The value of accessibility APIs is in allowing the operating system, browser and assistive technology to efficiently and reliably give users the information they need. It is now easy to make an interface developed with well-written HTML, CSS and JavaScript very accessible and usable for assistive technology users. A big part of accessibility is, therefore, an easily met responsibility of web developers: Know your job, use your tools well, and many pieces will fall into place as if by magic.

With thanks to Rich Schwerdtfeger, Steve Faulkner and Dominic Mazzoni.

(hp, al, ml)


  1. 1 http://www.paciellogroup.com/blog/2015/01/making-the-gui-talk-1991-by-rich-schwerdtfeger/
  2. 2 http://rawgit.com/w3c/aria/master/html-aam/html-aam.html

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Accessibility APIs: A Key To Web Accessibility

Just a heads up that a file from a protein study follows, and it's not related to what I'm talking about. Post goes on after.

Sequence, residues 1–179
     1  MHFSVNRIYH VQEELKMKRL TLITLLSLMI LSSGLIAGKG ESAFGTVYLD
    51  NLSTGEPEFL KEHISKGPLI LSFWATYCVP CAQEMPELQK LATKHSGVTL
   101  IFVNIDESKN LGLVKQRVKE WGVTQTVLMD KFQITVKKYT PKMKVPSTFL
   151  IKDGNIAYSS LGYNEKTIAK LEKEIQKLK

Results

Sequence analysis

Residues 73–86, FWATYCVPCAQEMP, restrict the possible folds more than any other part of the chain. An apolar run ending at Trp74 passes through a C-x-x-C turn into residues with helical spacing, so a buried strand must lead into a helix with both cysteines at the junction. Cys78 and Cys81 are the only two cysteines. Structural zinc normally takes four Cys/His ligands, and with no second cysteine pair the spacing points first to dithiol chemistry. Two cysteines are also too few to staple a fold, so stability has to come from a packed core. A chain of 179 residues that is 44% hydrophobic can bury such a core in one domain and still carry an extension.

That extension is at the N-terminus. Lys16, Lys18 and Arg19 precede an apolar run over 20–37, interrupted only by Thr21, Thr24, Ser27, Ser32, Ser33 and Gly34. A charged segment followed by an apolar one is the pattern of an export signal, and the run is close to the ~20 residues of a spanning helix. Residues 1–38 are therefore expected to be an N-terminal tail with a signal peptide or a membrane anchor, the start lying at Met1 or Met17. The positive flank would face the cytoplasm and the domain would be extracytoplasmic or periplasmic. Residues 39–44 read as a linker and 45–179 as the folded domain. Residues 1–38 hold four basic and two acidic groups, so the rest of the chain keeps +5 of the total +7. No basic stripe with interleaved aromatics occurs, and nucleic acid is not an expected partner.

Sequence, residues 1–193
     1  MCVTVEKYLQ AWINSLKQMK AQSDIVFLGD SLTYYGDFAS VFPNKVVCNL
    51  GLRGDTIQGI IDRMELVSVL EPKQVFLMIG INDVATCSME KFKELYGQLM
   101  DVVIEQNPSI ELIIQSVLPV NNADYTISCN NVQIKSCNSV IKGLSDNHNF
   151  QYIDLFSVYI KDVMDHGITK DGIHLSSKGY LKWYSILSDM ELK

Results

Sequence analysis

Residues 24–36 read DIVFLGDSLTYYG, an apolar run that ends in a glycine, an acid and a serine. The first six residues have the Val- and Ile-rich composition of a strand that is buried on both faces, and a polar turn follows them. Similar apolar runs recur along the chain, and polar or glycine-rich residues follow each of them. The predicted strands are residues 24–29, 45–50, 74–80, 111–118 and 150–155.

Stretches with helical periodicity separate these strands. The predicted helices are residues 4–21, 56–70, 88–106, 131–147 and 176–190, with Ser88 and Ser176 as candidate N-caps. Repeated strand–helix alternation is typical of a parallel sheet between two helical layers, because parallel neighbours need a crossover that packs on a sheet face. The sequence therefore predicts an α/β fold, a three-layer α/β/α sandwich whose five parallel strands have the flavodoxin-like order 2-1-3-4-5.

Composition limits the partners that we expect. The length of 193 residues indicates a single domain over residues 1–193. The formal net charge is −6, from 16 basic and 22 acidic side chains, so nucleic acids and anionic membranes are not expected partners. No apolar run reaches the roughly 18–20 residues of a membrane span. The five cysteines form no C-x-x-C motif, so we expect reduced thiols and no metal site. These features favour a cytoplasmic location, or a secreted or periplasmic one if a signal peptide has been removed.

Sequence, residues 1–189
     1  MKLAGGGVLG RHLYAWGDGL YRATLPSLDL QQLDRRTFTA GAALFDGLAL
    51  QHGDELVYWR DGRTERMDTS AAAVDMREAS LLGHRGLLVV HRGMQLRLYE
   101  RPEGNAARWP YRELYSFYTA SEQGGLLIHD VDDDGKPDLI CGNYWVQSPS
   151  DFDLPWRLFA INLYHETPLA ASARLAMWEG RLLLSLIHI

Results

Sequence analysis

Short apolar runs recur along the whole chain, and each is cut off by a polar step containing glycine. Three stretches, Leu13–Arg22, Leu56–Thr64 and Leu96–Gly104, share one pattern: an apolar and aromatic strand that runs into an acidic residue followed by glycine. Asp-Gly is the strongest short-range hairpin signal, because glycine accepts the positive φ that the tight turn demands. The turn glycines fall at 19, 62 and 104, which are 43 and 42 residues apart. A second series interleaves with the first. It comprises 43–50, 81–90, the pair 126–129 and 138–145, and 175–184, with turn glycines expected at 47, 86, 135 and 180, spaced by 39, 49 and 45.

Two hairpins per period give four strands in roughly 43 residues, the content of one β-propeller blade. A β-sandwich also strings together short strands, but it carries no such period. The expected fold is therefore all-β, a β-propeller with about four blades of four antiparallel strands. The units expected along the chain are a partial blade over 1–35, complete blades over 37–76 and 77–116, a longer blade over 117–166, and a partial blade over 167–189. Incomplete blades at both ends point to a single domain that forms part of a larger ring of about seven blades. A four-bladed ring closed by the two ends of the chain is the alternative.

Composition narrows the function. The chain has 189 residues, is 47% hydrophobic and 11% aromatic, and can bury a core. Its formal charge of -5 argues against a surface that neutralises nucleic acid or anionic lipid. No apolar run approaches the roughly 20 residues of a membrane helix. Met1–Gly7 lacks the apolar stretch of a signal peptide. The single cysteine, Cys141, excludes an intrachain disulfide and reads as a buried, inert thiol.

Building A Simple Cross-Browser Offline To-Do List With IndexedDB And WebSQL

Making an application work offline can be a daunting task. In this article, Matthew Andrews, a lead developer behind FT Labs, shares a few insights he had learned along the way while building the FT application. Matthew will also be running a “Making It Work Offline” workshop1 at our upcoming Smashing Conference in Freiburg in mid-September 2014. – Ed.

We’re going to make a simple offline-first to-do application2 with HTML5 technology. Here is what the app will do:

  • store data offline and load without an Internet connection;
  • allow the user to add and delete items in the to-do list;
  • store all data locally, with no back end;
  • run on the first- and second-most recent versions of all major desktop and mobile browsers.

The complete project is ready for forking on GitHub3.

Which Technologies To Use

In an ideal world, we’d use just one client database technology. Unfortunately, we’ll have to use two: